Official parent eligibility is determined by each individual country program, although depending on the family, child, country and circumstance, there can be more flexibility in the process of older child adoption.

There are older children waiting for families in each of Holt’s 11 adoption programs. Although the programs that currently have the most older children waiting and eligible are the Philippines, Thailand, Bulgaria and Colombia — where Max is living.

Max and His Siblings

Max, who wrote the note on the whiteboard in Colombia, is not only an older child, but he also has four younger siblings! While there are many single older children in need of families, many older children are also part of sibling sets, which can include children considered ”young” in international adoption. Holt is currently seeking to unite Max and all of his siblings together with a loving, adoptive family.

Five siblings are posed for a photo
Max (left) and his siblings hope to find a family that will adopt all five of them.

In his waiting child profile shared with families, Max is described as “a friendly child with a lot of personality and charisma.” He is respectful and well-liked by the children and caregivers in his home. He willingly accepts hugs. He is friendly, self-confident, kind, sincere, persevering, calm and focused.

Max needs a family, and would thrive with their loving attention and care.

His other siblings are 14-year-old Yona, who is sweet, social and hopes to have several pets when she is adopted. Nine-year-old Caty is resilient and courageous, playful and outgoing. Amy is 8 years old and described as tender and empathetic, and she loves to give hugs and kisses. Six-year-old Edwin is happy and curious, and loves reading and inventing stories.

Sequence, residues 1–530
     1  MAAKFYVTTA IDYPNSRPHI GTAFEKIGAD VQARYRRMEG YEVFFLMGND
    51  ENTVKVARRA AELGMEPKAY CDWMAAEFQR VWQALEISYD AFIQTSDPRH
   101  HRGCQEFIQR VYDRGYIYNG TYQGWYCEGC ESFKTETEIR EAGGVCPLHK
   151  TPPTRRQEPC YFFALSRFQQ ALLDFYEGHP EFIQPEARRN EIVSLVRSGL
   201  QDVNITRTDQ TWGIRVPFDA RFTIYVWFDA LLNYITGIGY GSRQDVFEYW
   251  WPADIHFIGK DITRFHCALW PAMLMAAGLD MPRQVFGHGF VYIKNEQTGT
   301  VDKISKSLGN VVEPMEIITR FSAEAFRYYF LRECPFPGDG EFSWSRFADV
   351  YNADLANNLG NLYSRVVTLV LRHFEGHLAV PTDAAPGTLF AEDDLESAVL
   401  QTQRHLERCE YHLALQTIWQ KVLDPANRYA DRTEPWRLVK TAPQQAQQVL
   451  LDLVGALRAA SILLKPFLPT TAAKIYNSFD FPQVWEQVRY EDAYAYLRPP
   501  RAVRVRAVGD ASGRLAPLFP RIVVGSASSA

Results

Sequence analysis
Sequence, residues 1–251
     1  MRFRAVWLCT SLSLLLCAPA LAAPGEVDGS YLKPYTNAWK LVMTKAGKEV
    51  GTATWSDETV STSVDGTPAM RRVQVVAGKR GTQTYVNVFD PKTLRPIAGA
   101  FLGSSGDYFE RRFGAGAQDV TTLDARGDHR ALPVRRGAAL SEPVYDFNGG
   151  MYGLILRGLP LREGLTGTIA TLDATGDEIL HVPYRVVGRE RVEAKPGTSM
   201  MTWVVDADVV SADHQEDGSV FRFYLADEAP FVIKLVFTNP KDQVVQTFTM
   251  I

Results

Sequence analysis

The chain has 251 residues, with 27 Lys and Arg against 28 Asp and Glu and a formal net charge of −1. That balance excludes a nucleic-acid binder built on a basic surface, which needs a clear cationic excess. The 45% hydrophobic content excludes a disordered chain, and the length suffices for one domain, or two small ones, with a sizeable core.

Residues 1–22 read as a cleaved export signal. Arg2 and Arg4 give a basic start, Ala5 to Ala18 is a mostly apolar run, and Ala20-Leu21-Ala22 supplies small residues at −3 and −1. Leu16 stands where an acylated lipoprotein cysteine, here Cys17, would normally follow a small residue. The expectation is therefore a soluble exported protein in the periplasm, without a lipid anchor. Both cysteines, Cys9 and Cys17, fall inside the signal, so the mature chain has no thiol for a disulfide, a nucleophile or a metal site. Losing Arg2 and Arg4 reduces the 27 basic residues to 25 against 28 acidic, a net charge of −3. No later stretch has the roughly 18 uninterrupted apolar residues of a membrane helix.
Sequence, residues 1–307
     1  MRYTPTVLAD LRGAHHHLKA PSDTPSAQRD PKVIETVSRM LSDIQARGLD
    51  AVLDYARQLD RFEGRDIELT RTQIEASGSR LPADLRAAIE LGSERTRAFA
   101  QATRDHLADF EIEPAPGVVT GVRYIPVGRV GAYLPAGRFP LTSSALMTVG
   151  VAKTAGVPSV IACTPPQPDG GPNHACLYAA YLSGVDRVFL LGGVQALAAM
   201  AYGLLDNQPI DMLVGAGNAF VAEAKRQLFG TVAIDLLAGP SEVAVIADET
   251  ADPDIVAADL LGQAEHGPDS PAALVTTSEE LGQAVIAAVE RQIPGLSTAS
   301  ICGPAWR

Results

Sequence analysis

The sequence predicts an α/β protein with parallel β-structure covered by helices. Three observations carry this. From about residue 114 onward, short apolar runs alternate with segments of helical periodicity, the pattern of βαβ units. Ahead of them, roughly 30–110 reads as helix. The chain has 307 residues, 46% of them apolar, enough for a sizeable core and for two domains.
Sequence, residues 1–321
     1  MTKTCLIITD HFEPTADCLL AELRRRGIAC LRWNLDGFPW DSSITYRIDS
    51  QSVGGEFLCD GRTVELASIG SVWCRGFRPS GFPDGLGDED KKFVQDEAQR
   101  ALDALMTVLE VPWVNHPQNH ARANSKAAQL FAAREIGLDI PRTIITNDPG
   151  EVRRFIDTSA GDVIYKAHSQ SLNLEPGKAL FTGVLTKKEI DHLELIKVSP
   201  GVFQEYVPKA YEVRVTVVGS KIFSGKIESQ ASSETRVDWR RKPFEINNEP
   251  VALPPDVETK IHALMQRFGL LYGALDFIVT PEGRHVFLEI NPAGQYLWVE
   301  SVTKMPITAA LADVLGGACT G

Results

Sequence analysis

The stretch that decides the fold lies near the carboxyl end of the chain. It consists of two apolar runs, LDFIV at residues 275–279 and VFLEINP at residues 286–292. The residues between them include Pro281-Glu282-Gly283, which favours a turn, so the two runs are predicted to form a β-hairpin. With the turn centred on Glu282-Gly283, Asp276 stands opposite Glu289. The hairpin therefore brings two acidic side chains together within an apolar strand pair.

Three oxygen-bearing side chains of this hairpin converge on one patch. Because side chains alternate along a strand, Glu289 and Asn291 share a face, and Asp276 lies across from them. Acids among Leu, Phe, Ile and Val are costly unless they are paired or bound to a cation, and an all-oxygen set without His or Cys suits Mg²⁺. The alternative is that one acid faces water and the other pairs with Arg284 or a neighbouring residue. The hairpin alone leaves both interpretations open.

Max and his siblings are so needing and deserving of a family of their own.

But they are among many older children and sibling sets who are waiting, hoping to be adopted…

Hundreds of Older Children are Waiting for Families

On Holt’s waiting child photolisting, you can learn about the hundreds of older children who are waiting for families.

There’s Prim and Perri, adorable 11-year-old twins in Thailand who say they would love to be adopted together. Cali is 12 years old and lives in Southeast Asia. She loves singing, dancing, playing instruments and basketball. Fourteen-year-old Henry lives in Hong Kong, and caregivers express their amazement at his warm attachment and willingness to help others. Ten-year-old Cairo in South Africa is caring and attentive, and loves playing Legos.

For any family considering adoption, we urge you, don’t write off the older kids. Because for many families, they are the perfect fit.

“The trust and resilience these children manage to develop after having been through so much uncertainty, loss and hurt is truly incredible,” Marissa says. And then to see them thrive in the care of their loving family? That’s the best part. “To see children build confidence in themselves and enjoy the childhood experienced they missed having at a young age… It touches my heart.”

Older children simply need to be given the chance.

The ending of Max’s letter perfectly, simply sums up what any older waiting child might say: “My dream is to have a family that loves me and be good [to] me.”

smiling adoptive parents holding son adopted from thailand and baby girl

Older children are waiting for families!

Many children wait longer for a family simply because they are older in age. Could you be the right family to adopt an older child? Meet some of the children who are waiting!